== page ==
2019 ECN Oil & Gas Machine Learning Conference, Houston

Verdazo Analytics ML for geosciences. Lux Research’s ‘spotlights’. NETL’s SIMPA data-driven subsurface leak prediction. Machina Automation on office automation trends. BHGE’s digital drilling twin.


Energy Conference Network’s Oil & Gas machine learning conference took place in Houston earlier this year and heard from AI/ML aficionados in various contexts. A post show poll of attendees indicated current areas of interest in this community. Most showed interest in predictive maintenance, with less interest in natural language processing. With regard to obstacles to AI/ML deployment, the main cause was a ‘lack of a clear ROI/business case’. Having said that, attendees considered themselves to be in the vanguard of innovation and believe AI and automation to be the ‘main accelerator for IoT and digitization’.

Verdazo Analytics ML for geosciences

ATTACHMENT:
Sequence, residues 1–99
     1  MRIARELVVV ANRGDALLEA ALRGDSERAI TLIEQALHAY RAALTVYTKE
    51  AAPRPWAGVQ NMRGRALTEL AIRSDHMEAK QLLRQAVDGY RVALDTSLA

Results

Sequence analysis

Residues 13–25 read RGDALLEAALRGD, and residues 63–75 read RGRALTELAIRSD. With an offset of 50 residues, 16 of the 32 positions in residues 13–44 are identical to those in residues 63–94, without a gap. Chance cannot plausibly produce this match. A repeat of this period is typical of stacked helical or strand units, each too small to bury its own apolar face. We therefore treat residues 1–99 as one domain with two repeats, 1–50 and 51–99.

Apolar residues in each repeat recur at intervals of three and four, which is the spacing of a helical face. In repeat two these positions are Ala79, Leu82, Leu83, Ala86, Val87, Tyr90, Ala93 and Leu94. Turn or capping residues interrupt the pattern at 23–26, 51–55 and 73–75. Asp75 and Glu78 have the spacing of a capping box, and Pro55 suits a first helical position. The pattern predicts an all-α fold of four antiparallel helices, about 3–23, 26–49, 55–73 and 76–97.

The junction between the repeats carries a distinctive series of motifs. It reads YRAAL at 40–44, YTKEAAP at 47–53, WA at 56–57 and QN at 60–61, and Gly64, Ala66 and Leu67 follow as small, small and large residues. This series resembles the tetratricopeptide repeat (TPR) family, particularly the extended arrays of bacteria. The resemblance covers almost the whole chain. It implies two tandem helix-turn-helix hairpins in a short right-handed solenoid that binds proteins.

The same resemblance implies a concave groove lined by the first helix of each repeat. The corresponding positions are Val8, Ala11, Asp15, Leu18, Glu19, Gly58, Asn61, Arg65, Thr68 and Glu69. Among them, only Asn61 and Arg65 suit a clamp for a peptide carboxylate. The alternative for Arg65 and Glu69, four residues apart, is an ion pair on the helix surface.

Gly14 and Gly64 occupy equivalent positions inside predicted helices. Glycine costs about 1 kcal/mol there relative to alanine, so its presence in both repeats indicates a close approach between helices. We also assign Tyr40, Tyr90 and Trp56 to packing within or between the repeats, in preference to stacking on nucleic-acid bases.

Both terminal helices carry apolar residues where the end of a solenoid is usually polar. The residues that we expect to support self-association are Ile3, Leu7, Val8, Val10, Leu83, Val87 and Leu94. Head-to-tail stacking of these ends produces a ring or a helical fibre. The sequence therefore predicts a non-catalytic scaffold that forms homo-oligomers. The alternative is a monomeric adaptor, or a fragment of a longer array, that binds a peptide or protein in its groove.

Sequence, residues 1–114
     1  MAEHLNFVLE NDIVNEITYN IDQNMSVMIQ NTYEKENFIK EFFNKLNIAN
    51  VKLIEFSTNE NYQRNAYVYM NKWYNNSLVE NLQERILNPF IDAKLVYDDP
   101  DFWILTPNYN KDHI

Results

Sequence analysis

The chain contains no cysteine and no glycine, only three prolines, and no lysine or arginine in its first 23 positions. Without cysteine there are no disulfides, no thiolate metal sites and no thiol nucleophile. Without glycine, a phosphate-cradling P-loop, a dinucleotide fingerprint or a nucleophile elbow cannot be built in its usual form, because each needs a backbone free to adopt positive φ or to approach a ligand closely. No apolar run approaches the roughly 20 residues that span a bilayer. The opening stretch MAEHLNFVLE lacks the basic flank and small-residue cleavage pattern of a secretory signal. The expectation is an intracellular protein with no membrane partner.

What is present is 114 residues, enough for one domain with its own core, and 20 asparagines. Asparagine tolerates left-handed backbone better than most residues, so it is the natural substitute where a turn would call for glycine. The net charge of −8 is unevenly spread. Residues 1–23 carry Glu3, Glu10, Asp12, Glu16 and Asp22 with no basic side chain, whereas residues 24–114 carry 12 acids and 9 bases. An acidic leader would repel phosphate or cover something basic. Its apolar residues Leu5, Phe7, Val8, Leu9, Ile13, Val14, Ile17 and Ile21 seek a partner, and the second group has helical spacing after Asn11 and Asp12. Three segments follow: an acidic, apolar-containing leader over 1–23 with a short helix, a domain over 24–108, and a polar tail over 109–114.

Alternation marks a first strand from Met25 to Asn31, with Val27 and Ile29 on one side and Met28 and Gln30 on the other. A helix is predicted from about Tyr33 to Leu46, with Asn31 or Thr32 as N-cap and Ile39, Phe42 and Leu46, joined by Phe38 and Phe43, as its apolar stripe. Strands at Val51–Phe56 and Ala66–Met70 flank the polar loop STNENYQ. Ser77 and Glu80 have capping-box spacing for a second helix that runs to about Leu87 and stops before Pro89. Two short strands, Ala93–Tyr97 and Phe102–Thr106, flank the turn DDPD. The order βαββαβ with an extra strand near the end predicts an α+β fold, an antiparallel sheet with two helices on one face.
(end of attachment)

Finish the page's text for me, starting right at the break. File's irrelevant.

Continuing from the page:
Brian Emmerson from Pason Systems’ unit Verdazo Analytics presented on the use of machine learning in a geosciences context. A joint study between Verdazo and GLJ Petroleum Consultants investigated the performance of hydraulic fracturing operations at the Spirit River formation of Western Canada. Pason’s analytics platform, which is ‘used by over 120 companies in North America’, was applied to a large data set of production, fracking parameters and geological data. ML tools of choice included ICE and PDP, aka individual conditional expectation and partial dependence plots. The technique investigates a multi variate data space of formation tops, porosity from cores, pressure data, along with copious information completions and frac technology. The ICE/PDP addresses AI model ‘interpretability’ and provides an understandable entry point to the big data analysi, finding, for instance, that for the same proppant intensity, a tighter stage spacing yields a greater impact i.e. more gas. Emmerson concluded ‘choose your model parameters wisely, more is not necessarily better’. It is also important to include economics and the dollar value of a feature. The ICE/PDE approach shows how and why well performance varies. More on the Spirit River study from the Verdazo website.